In the documentary the producer Suzuki is shown pitching the film to executives around Japan; he's very direct about Miyazaki's father and Miyazaki Airplane making parts for the Zero.

Miyazake's essay published by Studio Ghibli, on the war, the constitution and Abe.
Also in FP.  The original here. I missed it at the time.

The issues comes up in conversations recorded in the film, at a production meeting with staff and producers. At the end of the film after the essay has been published there are jokes about a backlash.
Suzuki- It's front page-news today. [Miyazaki laughs] They quote you from the article.
Miyazaki- Well, good.
Suzuki- This may impact the election.
M- The reaction is mixed?
S- Yes
M- Well, what can they do? [to the woman on his right] If Suzuki-san gets killed, [laughter] I'll go and die with him. Takahata-san will be stabbed too. But I'm glad they mentioned the constitutional reform.
[Shot of a Newspaper] Hayao Miyazaki says "Leave Constitution Alone"
This notion that one’s goal in life is to be happy, that your own happiness is the goal... I just don’t buy it. Because... What do you think? Do you think your goal is to become happy yourself? I mean, happiness is... I've heard that from several people now and I wonder, is that what post war democracy has amounted to? I don't get it so I'm curious. What about Suzuki-san? He can't be doing this for his own happiness. So why does he do it? Do you work for your own happiness? I don’t ever feel happy in my daily life. Really, isn’t that how it is? How could that ever be our ultimate goal? Filmmaking only brings suffering.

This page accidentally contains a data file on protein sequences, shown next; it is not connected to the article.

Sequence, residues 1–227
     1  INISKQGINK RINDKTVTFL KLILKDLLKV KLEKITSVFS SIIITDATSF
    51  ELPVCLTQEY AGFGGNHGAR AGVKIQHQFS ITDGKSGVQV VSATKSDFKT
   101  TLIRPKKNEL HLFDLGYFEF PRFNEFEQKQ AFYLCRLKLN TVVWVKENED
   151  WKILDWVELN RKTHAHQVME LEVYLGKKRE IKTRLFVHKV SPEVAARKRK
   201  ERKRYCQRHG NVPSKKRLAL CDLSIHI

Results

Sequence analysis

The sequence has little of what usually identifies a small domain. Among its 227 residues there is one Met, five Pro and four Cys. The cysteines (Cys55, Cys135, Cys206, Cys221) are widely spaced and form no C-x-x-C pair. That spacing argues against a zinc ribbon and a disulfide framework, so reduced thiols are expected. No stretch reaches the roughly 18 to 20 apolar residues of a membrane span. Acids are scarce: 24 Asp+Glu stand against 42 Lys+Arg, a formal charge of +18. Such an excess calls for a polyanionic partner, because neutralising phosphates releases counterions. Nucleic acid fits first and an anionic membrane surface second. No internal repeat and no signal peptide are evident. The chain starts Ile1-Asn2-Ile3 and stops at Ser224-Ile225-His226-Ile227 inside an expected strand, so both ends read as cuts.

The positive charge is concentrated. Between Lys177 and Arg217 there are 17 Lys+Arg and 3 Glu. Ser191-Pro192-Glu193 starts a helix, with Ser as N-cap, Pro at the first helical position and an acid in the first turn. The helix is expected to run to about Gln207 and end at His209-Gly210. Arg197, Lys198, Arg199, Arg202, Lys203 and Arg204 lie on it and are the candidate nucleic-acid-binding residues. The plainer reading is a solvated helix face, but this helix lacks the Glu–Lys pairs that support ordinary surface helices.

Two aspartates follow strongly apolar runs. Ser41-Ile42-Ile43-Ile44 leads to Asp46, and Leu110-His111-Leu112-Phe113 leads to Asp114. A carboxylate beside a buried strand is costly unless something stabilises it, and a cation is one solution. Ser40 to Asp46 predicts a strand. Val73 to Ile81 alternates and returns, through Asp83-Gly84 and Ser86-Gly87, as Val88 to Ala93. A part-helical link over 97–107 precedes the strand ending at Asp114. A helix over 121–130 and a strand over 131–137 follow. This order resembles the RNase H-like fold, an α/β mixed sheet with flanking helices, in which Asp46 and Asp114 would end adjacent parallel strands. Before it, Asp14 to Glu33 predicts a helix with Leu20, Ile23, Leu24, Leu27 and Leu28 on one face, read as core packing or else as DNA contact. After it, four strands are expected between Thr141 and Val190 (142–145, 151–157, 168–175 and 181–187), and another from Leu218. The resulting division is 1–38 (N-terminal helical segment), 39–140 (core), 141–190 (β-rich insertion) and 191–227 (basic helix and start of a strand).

I've never seen Grave of the Fireflies, or anything else by Takahata. I think I've been avoiding it.

Wednesday, December 23, 2015

The Museum of Capitalism is an institution dedicated to educating this generation and future generations about the history, philosophy, and legacy of capitalism. Representing the collaborative efforts of a multidisciplinary team of curators, artists, designers, and historians, the Museum strives to broaden public understanding of capitalism through multifaceted programs: exhibitions; research and publication; collecting and preserving material evidence, art, and artifacts related to capitalism; commemorations, reenactments, and other events; and a variety of public programming. As part of an initiative to build a more permanent public presence, the planning committee seeks bold proposals that answer the question: What should the Museum of Capitalism look like? 
Proposals may address questions beyond the visual appearance of the Museum’s design. How will it be built, where will it be located, and how will it interface with its surroundings? How might visitors be drawn to experience capitalism, to think it and to feel it, through interaction with museum spaces? The committee seeks answers to these questions in the form of strong architectural ideas and images.
The Museum of Capitalism’s curatorial vision includes consideration of the close historical ties between museums and capitalism. How might museum spaces reference the role of museums in projects of colonialism, modernization, and industrialization, the social and ecological impacts of the museum’s traditional function in preservation of cultural materials, or the role of museums as ritual spaces for the performance and production of citizenship, identity, and other subjectivities? Entrants are encouraged, though not required, to reflect upon these questions. Who inhabits museum spaces, and why? Who or what is on display, and how does it come to be there? What were the origins and implications of its ordering and classification, its constructed narratives and experiences, its participation and interactivity? And how do the answers to these questions change in a museum that memorializes the era of capitalism? There are no restrictions on scale or scope of proposals—site, square footage, height, materials, budget, etc.—as long as submissions follow competition rules and meet the criteria for entry.